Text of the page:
Mortgage Rate Drop Not Expected To Do Much

The good news is that interest rates have fallen after the Freddie and Fannie take over by the government. The bad news is that it probably won’t do anything in the short term to help the market out of the current “funk”….

Mortgage rates fell Monday in response to the federal government’s virtual takeover of struggling mortgage financing companies Fannie Mae and Freddie Mac, which was announced Sunday.

This week’s fast decline in mortgage interest rates has created a surge of activity at Silicon Valley mortgage companies, as homeowners ponder refinancing and buyers decide whether to lock in a loan rate.

Rates for borrowers with the best credit dropped half a percentage point or more by Monday afternoon. As of Wednesday, the national average for 30-year, fixed-rate mortgages was 6.15 percent, down from 6.55 percent a week earlier, according to

Narbik Karamian, a mortgage broker in Los Gatos with Arvest Financial, said he has gotten calls from seven or eight clients since Monday, some wanting to make offers on homes while rates are low, others wanting to refinance their existing mortgages.

“As soon as it hit the high 5s people started pouring in,” he said, referring to interest rates for 30-year mortgages, some of which are in the 5.75 percent range, if the borrower is willing to pay a “point” up-front to lower the rate. A point is equal to 1 percent of the loan amount.

The decline in rates is “a small positive,” for the Bay Area housing market, said Kenneth T. Rosen, chairman of the Fisher Center for Real Estate at the University of California-Berkeley. He estimated that lower rates could increase buyer demand by 4 percent or 5 percent, but mostly among borrowers with high credit scores who can make big down payments — people who weren’t experiencing much trouble getting loans

It’s too soon to tell whether interest in the lower rates will translate into significant improvement for the local real estate market.

Lower rates have “gotten people excited,” agreed Nina Yamaguchi, who manages a Coldwell Banker office in Cupertino. But, she said, “it’s so new that it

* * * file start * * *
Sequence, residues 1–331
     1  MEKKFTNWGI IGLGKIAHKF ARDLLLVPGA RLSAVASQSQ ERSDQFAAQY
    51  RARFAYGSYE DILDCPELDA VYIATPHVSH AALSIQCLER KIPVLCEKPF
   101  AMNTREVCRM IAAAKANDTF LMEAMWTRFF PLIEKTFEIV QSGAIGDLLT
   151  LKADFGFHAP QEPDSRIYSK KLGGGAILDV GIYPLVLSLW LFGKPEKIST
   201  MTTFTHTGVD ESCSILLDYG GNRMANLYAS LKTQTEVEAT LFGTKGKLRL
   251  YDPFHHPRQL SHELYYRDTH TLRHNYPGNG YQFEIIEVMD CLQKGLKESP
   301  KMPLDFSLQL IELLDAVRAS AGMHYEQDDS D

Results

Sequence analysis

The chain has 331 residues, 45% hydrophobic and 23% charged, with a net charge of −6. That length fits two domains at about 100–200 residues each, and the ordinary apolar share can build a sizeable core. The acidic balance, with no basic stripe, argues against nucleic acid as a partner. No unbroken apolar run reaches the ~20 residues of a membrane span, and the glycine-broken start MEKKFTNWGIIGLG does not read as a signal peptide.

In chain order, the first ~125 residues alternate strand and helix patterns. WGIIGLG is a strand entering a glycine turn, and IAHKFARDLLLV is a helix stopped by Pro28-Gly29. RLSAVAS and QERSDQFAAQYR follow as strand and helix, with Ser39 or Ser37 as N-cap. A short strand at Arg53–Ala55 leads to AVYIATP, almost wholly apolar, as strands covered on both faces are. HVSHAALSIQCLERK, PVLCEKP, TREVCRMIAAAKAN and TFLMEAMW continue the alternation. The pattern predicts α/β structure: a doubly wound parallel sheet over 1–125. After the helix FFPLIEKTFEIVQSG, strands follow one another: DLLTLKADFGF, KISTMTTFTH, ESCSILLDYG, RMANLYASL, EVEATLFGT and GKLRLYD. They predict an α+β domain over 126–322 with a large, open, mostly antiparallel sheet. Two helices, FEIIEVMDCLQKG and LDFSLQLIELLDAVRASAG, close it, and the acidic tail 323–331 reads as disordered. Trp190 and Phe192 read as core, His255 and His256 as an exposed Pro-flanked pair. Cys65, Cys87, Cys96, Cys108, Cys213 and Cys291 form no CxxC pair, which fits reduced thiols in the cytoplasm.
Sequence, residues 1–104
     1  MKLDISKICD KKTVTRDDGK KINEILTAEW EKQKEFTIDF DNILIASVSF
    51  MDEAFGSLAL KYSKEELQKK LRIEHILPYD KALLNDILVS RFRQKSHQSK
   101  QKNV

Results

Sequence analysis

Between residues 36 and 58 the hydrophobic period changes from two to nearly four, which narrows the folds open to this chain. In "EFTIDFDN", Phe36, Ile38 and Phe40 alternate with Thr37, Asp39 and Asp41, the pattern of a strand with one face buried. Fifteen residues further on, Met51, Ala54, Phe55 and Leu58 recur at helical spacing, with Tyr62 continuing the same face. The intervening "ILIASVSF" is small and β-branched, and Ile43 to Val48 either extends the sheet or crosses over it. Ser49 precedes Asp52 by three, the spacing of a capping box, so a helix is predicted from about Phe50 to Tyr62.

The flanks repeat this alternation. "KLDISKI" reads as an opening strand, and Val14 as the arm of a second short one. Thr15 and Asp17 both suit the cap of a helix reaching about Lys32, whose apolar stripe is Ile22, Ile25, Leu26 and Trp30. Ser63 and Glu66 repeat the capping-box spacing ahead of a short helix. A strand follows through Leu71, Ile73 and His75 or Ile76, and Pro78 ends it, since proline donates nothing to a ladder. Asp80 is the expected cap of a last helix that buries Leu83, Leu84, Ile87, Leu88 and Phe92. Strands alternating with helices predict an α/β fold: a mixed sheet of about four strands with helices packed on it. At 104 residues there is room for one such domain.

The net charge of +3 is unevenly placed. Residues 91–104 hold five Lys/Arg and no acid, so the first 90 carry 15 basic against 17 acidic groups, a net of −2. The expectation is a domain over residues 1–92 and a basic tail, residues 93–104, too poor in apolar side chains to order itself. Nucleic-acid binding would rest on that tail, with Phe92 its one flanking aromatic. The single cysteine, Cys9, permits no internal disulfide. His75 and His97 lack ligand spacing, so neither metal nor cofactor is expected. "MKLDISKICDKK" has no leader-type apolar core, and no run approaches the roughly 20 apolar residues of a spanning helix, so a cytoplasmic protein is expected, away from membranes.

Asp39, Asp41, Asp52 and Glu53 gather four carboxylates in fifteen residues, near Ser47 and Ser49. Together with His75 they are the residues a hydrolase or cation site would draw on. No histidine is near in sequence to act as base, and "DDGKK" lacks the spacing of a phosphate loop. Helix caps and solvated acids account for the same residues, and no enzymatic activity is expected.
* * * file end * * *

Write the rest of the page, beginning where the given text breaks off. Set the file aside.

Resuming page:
hasn’t had a chance to translate into deals yet.”

Inquiries are up this week at Technology Credit Union, too, said Steve Donahue, vice president of mortgage originations, but most callers are still in the “exploration phase,” he said, not charging out to make offers.

One of the factors hindering home sales in the Bay Area — not to mention all over the country — is that mortgage lenders are continuing to tighten their borrowing criteria in an effort to lessen the chances of future foreclosures. Whereas a credit score of 620 was considered good a year ago, only scores of 720 or higher earn borrowers the best interest rates now, for example. (850 is the maximum score given by the Fair Isaac Co., whose scores are the industry standard.) Borrowers with down payments of 10 percent or less find it more difficult to get loans, except through channels such as the California Housing Finance Agency and the Federal Housing Administration.

Also slowing the market is the fact that many homeowners opt not to sell if they can’t get what they think their house “should” be worth, based on its peak value. And many prospective owners don’t like the idea of buying a home that may decline in value.

“We don’t want to buy anything if we think it’s going to go on sale next week,” Donahue said.

In recent months, however, more buyers have been pouncing on “bank-owned” properties — those that have been foreclosed upon — and as a result there’s increased competition for those bargain-priced homes. Lower rates might further spur buying in that segment of the market, Donahue said.

The government rescue plan for Fannie and Freddie may have slight benefits for consumers, Rosen said. But the plan by the U.S. Treasury Department, committing perhaps $200 billion or more to guarantee the security of Fannie and Freddie, is “a sign of distress, not a sign of recovery,” he said. Before the housing market can recover, he said, “confidence has to be restored. It’s going to take job creation and the foreclosures we have working through the system,” which he estimated will take at least another year.

About Kent Clothier

Kent Clothier is President and CEO of Real Estate Worldwide (REWW), a highly sought-after speaker, the owner of three multi-million dollar a year Internet marketed brands, and proud husband and father. Kent is motivated by his love of family and freedom, creating products that enable people to live their lives the way they choose.

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